Automated impregnation technology then expanded to compact, manually operated systems. This allowed OEMs to bring vacuum impregnation in-house at a fraction of the cost. These new systems were smaller than batch systems and the modular design enabled them to integrate with other production operations.
Now, the operator were safer than ever before as self-contained modules protected them from contact with sealant and hot fluids; mist eliminators collected water vapor in the exhaust and return it through a drain line for re-use and better ergonomics allowed the operator to simply slide a lightweight fixture onto the platform for each module, eliminating the risk of injury.
Improved productivity, quality — The redesign of modern vacuum impregnation systems also has improved recovery rates and cycle times. The old economies of scale have given way to smaller, more efficient systems, which have yielded greater productivity and quality.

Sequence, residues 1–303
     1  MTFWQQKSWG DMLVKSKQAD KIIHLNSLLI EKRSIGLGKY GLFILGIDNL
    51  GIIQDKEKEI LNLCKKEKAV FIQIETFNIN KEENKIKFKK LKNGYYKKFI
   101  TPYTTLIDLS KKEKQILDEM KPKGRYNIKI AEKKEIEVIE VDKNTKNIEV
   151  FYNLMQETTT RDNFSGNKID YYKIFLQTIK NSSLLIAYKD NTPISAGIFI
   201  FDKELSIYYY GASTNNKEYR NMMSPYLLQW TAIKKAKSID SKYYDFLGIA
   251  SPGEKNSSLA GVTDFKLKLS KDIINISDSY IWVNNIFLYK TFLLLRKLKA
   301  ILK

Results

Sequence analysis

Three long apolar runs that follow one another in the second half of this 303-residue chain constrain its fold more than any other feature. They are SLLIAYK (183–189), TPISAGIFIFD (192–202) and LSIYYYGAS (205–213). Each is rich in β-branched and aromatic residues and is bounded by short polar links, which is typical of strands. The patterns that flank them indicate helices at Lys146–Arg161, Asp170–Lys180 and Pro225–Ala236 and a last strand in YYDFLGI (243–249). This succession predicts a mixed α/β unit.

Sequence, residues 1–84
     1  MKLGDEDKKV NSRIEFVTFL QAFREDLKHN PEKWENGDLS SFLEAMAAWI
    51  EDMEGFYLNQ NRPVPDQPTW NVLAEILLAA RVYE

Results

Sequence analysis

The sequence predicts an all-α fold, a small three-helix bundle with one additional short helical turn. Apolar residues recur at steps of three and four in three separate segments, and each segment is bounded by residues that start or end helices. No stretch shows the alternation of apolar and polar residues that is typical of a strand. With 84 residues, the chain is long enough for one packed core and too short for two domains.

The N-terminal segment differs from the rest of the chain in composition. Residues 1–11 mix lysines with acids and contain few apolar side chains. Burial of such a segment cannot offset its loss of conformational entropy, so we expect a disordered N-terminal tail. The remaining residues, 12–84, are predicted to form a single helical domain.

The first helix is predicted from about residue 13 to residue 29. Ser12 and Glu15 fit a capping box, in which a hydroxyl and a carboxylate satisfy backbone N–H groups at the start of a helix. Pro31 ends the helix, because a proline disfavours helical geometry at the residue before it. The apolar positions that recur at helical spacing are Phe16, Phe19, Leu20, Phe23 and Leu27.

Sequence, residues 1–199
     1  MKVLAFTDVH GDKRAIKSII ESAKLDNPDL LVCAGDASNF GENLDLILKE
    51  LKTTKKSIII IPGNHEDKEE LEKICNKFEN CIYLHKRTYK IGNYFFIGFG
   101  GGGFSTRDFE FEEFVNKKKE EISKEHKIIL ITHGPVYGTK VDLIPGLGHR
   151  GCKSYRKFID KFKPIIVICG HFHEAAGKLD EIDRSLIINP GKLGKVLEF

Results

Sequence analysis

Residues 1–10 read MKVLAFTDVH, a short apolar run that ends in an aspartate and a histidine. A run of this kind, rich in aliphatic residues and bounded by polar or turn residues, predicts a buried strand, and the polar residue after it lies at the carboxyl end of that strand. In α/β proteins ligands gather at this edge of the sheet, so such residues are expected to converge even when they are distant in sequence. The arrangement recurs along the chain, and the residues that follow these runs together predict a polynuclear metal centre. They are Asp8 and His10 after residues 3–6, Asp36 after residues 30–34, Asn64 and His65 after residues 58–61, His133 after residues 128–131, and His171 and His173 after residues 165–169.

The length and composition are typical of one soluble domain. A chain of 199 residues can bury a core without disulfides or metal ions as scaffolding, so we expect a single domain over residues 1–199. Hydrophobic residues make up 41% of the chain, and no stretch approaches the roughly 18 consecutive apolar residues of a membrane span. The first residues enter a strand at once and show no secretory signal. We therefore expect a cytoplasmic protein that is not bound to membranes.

New equipment has been designed to function with an automated and repeatable process. With robotics, parts can be impregnated automatically, which reduces the possibility of human error. Stations can contain operator demands of the new manufacturing environment. Rather than large, top-loading batch systems, new equipment is designed to be front-loading and to process just single pieces or a small number of castings.
Robotic handling is incorporated and the use of robotic arms allows parts to move continuously between each station. The robotics reduce cycle times and improve overall cycle time and production volumes.
The next evolution of automated impregnation technology was compact, manually operated HMI and cycle status lights that present real-time process data and fault diagnostics.
As the 21st Century proceeds companies will continue to wrestle with challenging design standards, fewer resources and shorter cycle times. Those that thrive will do so by increasing productivity, quality, throughput and cost reduction.
The vacuum impregnation systems of the past are no longer competitive, and the most competitive newer systems are those that will continue to offer safety to the operators, with increasing production volumes and the continuing effectiveness at eliminating casting defects.
Andy Marin is the marketing coordinator for Godfrey & Wing, a developer of vacuum impregnation technology. Contact him at [email protected]